PORT-AU-PRINCE, Haiti — Former President Jean-Bertrand Aristide returned home Friday from a seven-year exile to the warm embrace of jubilant supporters despite criticism from the United States and domestic opponents who said his presence could disrupt Sunday's already delayed presidential election.
Aristide emerged from a chartered flight from South Africa with his family, actor Danny Glover and other supporters. Speaking to supporters and journalists, he criticized the decision to bar his political party, Lavalas Family, from the election, saying it had disenfranchised a majority of Haitians in the divided nation.
"Excluding Lavalas, you cut the branches that link the people," he said. "The solution is inclusion of all Haitians as human beings."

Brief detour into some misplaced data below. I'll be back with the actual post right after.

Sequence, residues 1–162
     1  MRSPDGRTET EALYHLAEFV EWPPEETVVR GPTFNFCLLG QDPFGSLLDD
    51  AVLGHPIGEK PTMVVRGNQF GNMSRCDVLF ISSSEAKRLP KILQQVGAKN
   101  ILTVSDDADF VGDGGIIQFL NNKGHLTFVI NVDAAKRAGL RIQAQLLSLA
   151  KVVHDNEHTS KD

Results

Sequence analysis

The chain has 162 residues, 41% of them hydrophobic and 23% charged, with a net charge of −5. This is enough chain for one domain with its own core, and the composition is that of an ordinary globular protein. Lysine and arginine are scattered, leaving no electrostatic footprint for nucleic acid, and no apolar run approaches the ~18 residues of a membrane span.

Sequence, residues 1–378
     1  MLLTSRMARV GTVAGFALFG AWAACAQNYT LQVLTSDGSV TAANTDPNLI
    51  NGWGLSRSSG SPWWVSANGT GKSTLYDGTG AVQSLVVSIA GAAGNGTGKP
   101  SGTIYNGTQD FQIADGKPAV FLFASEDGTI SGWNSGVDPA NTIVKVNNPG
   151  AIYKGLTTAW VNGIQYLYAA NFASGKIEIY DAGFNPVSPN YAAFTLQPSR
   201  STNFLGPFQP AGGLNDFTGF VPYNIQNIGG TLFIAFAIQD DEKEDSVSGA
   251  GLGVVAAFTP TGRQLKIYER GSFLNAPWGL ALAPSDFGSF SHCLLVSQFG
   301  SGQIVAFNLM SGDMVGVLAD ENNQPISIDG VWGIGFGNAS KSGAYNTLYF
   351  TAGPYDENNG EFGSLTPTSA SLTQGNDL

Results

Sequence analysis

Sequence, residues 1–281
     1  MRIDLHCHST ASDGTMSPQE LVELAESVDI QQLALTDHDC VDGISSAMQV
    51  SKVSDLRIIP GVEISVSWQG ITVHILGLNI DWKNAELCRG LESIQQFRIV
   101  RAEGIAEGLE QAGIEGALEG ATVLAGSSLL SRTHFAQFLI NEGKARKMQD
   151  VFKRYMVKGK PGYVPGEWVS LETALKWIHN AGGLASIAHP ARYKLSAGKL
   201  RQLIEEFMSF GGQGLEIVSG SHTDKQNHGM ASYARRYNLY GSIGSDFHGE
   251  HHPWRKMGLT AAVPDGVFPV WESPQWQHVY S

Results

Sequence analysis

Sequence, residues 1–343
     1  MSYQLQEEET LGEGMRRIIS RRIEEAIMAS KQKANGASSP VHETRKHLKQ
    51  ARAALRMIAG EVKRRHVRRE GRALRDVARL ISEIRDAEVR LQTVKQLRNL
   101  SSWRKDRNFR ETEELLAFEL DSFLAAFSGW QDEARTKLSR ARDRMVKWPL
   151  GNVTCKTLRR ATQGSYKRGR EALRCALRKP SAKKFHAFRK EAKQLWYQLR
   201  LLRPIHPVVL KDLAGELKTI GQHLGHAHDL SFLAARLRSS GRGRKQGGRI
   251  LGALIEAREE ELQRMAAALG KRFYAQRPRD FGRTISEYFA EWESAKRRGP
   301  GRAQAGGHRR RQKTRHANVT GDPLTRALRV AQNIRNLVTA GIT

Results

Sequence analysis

Despite his supporters' insistence that Aristide will not get involved in politics, some fear his presence will bring further disarray to a country struggling to emerge from a political crisis, a cholera epidemic and the devastation of the January 2010 earthquake that killed 200,000 people.
It's not clear what impact he may have on Sunday's runoff between two candidates who opposed him in the past, popular singer Michel Martelly and former first lady Mirlande Manigat.
U.S. Ambassador Kenneth Merten said via Twitter that the United States believes Aristide has the right to return, "but it's up to him if he wants to play a positive role in the future of Haiti."
Aristide was ousted in 2004 in a violent rebellion that swept the country.
On Friday, Aristide was mobbed by allies and journalists outside his plane before being hustled into an airport VIP lounge as several thousand supporters rallied in the streets outside the terminal.